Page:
Sharon:  The Liaden language is literary sleight of hand.  The “Liaden language” at last count, and not including the names of cities or ships, was 62 unique words/phrases, many of them endearments, some illustrating certain social concepts or technical situations.  The reason people think that there's a “Liaden language” is because the books – most especially the dialogue of Liaden characters – are written in a distinctive style, for which we once again acknowledge our debt to Georgette Heyer.


When you were building the world, which came first - the language or the culture?


Sharon:  LOL!  The characters came first. The characters always come first. We were really interested in exploring the ways in which groups of people are separated by their cultures, what sort of accommodations might need to be made to get along and forge mutual understanding, and work together for common goals.  Simplistically, the Liadens have a complex social organization, the rules of which are highly codified (The Liaden Code of Proper Conduct is an actual multi-volume resource found in many Liaden home libraries).  Culturally, they operate on melant'i, a concept that gives Terrans a lot of trouble, and on Balance, which gives Terrans even more trouble.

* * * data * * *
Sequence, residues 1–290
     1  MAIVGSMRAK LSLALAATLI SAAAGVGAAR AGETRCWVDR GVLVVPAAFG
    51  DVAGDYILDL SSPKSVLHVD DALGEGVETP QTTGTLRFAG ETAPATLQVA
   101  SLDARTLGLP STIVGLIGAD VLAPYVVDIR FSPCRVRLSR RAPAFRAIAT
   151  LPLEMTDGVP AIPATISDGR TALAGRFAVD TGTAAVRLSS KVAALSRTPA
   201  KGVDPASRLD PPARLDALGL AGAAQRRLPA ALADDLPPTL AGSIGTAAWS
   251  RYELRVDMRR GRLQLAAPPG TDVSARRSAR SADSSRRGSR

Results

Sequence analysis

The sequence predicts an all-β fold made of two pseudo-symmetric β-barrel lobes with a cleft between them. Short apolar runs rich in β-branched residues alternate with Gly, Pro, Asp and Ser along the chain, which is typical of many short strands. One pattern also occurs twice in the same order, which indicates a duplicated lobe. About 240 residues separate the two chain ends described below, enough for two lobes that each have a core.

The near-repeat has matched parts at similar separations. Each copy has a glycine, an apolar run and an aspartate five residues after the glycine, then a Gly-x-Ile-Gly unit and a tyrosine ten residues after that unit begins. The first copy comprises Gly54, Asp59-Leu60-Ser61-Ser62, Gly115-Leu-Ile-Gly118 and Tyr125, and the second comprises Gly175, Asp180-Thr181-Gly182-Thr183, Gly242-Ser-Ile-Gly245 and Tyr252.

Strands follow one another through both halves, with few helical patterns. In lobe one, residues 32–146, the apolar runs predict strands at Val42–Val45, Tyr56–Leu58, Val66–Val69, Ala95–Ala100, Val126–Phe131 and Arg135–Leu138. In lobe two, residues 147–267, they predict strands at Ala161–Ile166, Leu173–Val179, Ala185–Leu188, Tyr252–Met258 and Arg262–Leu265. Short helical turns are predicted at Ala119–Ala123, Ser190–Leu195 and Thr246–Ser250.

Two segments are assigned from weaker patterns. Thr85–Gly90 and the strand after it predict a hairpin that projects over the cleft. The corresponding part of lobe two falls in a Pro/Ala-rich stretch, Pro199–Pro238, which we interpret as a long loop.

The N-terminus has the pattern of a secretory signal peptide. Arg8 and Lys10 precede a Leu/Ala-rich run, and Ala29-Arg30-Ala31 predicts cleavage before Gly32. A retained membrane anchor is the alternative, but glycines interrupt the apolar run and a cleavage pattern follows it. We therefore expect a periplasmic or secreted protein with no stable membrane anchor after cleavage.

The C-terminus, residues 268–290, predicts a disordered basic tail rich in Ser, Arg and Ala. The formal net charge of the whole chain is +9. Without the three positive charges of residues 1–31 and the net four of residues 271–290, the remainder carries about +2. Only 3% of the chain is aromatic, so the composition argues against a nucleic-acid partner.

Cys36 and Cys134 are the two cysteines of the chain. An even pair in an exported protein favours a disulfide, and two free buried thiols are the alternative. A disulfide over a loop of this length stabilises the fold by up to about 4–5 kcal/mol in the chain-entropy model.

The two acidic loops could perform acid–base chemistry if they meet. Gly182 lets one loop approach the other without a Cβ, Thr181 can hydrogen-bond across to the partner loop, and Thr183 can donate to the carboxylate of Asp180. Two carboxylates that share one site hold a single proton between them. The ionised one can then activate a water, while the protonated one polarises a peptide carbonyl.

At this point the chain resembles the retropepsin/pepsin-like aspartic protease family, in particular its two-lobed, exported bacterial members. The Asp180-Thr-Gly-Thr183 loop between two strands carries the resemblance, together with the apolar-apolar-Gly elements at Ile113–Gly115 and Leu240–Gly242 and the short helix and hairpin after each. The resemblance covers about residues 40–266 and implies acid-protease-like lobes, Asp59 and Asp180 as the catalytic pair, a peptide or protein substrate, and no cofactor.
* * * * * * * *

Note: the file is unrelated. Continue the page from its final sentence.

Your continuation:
STEVE:  The characters came first and the decisions that made the universe have cultures we could work with in the first place, so that the stories would be fun and accessible. We weren’t (and aren’t) after deeply predictive fiction but rather elsewhere and otherwhens our readers would enjoy.


What advice would you give to young writers starting out today?